Census based self reported health measures: an examination of changes between the 1991 and 2001 censuses

Dermot O'Reilly and Michael Rosato, Queen's University Belfast

[Project number 30044]

Census based self reported health (SRH) measures are important indicators of morbidity both in individuals and at area level, and are used routinely in identifying social and health 'need' and in subsequent resource allocation. The 1991 Census for England and Wales contained a single question on limiting long-term illness (LLTI) - the extent of '.. health problems or handicap ..'. By 2001 the scope had extended to two questions: one on general health in the previous twelve months; and a modified LLTI question (on 'disability' rather than 'handicap').

Levels of self-reported ill-health are increasing. The Northern Ireland census shows an increase in the proportion of reported LLTI from 11.1% to 20.8% between 1991-2001; and, according to the GHS (GB) LLTI prevalence has increased from 21% to 35% (1971-2000).
This is set within a secular trend of rising life expectancy and changes in perception of what 'normal' health or well-being is at any point in the lifecycle. Age, gender and pre-existing chronic illness all influence SRH levels (1,2) and previous LS work has shown the importance of ethnicity (3). There is also evidence of UK-wide regional variation (4), and it has been suggested that changes to localised economic conditions can influence employment chances and the flow of marginally ill people out of economic activity into ill-health ('hidden unemployment') (5,6). Another question raised by the 2001 questions relates to differences in scope: general health asks about persisting problems, while LLTI is about limitations on daily living. Research shows LLTI relates more to physical limitation and less on mental and social wellbeing (these latter better reflected in the general health question). Therefore, though they correlate highly at both area and individual level, they may differ in relation to cause-specific mortality.

We will examine implications of changes to the SRH questions over two broad areas:

  • Comparing LLTI at 2001 with its 1991 version - implications of the changed context and how this can be examined in relation to changing trends. We examine the degree of continuity in LLTI between censuses; transitions in associated demographic and socio-economic factors in relation to changing SRH status; and compare LLTI and short-term mortality after each census (1991-94, 2001-04).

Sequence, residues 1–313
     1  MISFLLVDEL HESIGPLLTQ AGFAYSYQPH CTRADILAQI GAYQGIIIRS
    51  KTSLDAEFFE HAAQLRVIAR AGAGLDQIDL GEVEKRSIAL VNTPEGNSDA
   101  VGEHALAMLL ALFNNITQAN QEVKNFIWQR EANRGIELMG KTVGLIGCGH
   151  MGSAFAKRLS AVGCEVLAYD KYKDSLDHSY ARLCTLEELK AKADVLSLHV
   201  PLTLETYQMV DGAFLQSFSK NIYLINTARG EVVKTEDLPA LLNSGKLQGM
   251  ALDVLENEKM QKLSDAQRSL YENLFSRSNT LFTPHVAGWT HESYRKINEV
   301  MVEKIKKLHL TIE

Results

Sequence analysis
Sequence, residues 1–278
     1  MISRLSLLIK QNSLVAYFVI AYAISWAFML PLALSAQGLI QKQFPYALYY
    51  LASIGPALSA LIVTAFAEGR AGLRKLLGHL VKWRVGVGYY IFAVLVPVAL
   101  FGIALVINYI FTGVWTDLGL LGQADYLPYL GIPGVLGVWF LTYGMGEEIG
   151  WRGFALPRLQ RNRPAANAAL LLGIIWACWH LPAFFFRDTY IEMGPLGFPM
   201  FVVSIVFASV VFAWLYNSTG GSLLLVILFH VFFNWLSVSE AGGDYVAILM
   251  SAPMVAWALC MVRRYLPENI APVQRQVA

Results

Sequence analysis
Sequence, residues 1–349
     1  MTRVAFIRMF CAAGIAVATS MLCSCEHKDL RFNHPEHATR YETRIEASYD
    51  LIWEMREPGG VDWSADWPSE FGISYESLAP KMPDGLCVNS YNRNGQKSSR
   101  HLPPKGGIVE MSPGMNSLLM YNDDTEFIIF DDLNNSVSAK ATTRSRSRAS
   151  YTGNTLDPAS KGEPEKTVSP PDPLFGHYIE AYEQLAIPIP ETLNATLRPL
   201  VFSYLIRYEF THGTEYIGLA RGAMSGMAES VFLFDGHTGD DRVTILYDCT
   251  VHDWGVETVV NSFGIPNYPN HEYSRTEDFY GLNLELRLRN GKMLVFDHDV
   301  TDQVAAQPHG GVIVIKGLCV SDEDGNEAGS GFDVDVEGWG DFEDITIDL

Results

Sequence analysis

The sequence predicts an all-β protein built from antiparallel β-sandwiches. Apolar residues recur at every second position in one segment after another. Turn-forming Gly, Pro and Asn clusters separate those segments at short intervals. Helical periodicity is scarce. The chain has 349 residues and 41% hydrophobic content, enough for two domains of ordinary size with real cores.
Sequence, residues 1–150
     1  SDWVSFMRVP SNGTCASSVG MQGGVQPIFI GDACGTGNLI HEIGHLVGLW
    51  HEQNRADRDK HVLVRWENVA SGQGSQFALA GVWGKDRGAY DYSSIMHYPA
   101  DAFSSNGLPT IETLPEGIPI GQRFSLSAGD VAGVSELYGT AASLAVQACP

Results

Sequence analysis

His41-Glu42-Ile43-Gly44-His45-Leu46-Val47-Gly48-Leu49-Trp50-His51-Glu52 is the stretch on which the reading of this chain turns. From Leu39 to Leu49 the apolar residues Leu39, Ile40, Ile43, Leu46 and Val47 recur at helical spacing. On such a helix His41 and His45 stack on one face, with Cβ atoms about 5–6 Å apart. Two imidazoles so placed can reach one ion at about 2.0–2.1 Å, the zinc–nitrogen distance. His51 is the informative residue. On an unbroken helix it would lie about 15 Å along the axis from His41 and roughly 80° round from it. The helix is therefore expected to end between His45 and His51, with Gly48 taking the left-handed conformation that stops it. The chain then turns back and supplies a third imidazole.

• The relationship between LLTI and general health at the 2001 census and subsequent mortality (2001 to 2004) - using both all-cause and cause-specific mortality.

References:
1. Carr A, Gibson B, Robinson (2001) Measuring quality of life: Is quality of life determined by expectations or experience? British Medical Journal 322; 1240-1243.
2. Daltroy L, Larson M, Eaton H, Phillips C, Liang M. Discrepancies between self reported and observed physical function in the elderly: the influence of response shift and other factors. Social Science and Medicine (1999); 48:549-1561.
3. Harding, S, Balarajan R. Limiting long-term illness among black Caribbeans, black Africans, Indians, Pakistanis, Bangladeshis and Chinese born in the UK Ethnicity & Health 2000; 5: 41-46.
4. O'Reilly D, Rosato M, Patterson C Self-reported health and mortality: an analysis across the UK
(re)submitted to the British Medical Journal: 16/04/2005
5. Bartley M, Sacker A, Clarke P. Employment status, employment conditions, and limiting illness: prospective evidence from the British household panel survey 1991-2001 Journal of Epidemiology and Public Health (2004); 58; 501-506 doi: 10.1136/jech.2003.009878
6. Beatty C, Fothergill S, MacMillan R. A theory of employment, unemployment and sickness. Regional Studies (2000). 34:617- 630.

The longitudinal study (LS), based on a continuing, representative, 1% sample of the population of England and Wales, is a high quality multi-cohort research database with ongoing linkage of routinely collected vital statistics data with the census returns from 1971, 1981, 1991 and 2001. It therefore provides a rare opportunity to track transitions in socio-demographic and socio-economic circumstances between census points, and examine how these relate to health outcomes. This project links with two others which use the LS to examine different aspects of self-reported health in 1991 and 2001, and which have already been accepted by the research board (Harding and Rosato: Social trajectories and long term illness among foreign-born and UK-born ethnic minority groups). It is anticipated these will form part of the analysis for a PhD thesis - the details of which are still to be worked out, but which should begin in September 2005.

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